An important French Louis XVI ”bureau plat”
514. An important French Louis XVI ”bureau plat”
France ca 1770‑1775. Mahogany venéer. The top with partly gilded leather writing surface above three frieze drawers and reverse with three similar pseudo drawers. On fluted tapering legs terminating in brass caps. Bottom of drawer with inventory mark CP. Length 194, Width 96,5, Height 77 cm.
SEK 300.000 – 400.000 € 28.000 – 38.000
Duc de Choiseul au Château de Chanteloup.
Duc de Penthièvre à Chanteloup.
Sotheby’s, Paris, 18th Century Furniture and Works of Art, 17 december 2008, lot 96, sold as attributed to Georg Haupt.
A Swedish Private Collection, acquired at the sale above.
Chanteloup, Un moment de grâce autour du duc de Choiseul, cat. exp. Musée des Beaux-Arts de Tours,
7 avril-8 juillet 2007, Paris, 2007, pp. 242‑244, illustrated fig. 1.
Duc de Choiseul (1719-1785) acquired Chateau de Chanteloup in 1761 and began to modernize the interior of the palace extensively. Among the artists and craftsmen enlisted by the Duke was Simon Oeben, whose workshop delivered fine and fashionable furniture to the palace. Simon inherited the role as the most important supplier of furniture to Duc de Choiseul from his elder brother Jean-Francois Oeben who passed away in 1763.
This auction’s writing desk, made to stand detached in a room, would have been part of an exquisite interior in the early French neo-classical style. Notable is the sublime use of ormolu on the subtle mahogany surface. Together with the carved fluting and the gilt decoration on the leather top, the desk bears the mark of a true masterpiece.
A comparable piece of furniture is the bureau-plat signed by Jean-Francois Leleu in the collections of the Metropolitan Museum of Art in New York. Jean Francois Leleu was active from 1764 and received several important commissions. Amongst these was furniture for the Prince de Condé, Louis-Joseph de Bourbon. He had been trained by the famous Jean-Francois Oeben as had several others of the foremost ébénistes of the late 18th century in Paris. Leleu is one of several cabinet-makers who could be the maker of the desk in this auction. The quality of the workmanship is superb and it is certain that the ébéniste behind it was part of the circle of furniture makers in Paris during the Louis XVI period.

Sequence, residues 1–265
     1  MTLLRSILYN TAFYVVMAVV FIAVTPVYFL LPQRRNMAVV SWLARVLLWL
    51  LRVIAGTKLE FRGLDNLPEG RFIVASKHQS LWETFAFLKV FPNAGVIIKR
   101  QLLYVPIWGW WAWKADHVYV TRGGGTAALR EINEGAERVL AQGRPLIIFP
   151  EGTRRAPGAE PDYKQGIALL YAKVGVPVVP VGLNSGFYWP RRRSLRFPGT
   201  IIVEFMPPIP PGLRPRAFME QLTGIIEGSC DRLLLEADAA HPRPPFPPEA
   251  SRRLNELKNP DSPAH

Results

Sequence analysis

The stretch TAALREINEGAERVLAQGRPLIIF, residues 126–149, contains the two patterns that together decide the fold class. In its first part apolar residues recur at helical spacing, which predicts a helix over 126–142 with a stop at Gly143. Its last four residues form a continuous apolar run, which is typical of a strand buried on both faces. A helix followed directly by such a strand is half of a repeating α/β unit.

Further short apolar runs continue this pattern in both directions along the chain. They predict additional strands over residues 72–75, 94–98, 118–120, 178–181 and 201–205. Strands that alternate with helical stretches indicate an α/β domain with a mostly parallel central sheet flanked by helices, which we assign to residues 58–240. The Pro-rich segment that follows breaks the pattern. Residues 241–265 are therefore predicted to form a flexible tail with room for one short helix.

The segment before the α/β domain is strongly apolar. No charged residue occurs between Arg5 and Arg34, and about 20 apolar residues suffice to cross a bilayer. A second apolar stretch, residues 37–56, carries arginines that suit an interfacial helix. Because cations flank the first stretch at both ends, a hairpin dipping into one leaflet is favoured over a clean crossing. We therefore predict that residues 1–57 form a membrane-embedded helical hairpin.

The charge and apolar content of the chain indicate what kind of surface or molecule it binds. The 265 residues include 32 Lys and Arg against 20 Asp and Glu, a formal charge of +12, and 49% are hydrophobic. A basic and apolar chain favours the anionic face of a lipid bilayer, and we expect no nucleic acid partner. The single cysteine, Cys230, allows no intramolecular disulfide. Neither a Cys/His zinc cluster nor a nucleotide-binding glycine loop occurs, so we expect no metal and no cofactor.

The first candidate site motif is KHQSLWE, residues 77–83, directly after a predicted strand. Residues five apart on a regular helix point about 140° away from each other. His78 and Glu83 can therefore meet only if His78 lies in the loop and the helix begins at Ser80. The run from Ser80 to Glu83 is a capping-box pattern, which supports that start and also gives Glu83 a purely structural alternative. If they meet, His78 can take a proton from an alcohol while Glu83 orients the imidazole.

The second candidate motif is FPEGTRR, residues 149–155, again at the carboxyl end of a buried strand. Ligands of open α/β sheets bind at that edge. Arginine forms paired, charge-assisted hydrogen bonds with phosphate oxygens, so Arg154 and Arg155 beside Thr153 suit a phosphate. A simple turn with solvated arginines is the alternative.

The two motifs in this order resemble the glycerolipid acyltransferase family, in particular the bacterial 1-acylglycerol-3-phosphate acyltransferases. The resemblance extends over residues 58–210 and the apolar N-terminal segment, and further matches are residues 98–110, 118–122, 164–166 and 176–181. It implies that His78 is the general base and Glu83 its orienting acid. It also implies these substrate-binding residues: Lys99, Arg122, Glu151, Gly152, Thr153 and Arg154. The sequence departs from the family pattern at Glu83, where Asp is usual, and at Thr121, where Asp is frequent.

One of many journeymen working for Simon Oeben was the Swedish ébéniste Georg Haupt, active in Oeben’s workshop between 1767-1768 before leaving for London. He occupied the post as “ébéniste du Roi” at the Swedish court in Stockholm from 1770. At an earlier sale at Sotheby’s in Paris the desk in this auction was attributed to Haupt. Another mahogany desk made for Duc de Choiseul bears Haupt’s signature hidden under the leather top. Further, the signed desk bears many of the characteristics of Haupt known from his later years in Stockholm. The placement of the drawers, the leg-room below the desk top and the fluting above the tapered legs are all recurrent in Haupt’s desks made in Stockholm. The signed desk is located today in the city hall in the town of Amboise, France. This auction’s highly important desk does not share the frequently repeated features of a desk made by Haupt and as it would be dated to post 1770 Haupt could not be the maker of this particular piece of furniture. Hence, although it bears resemblance to the desk signed by Haupt it differs in important details.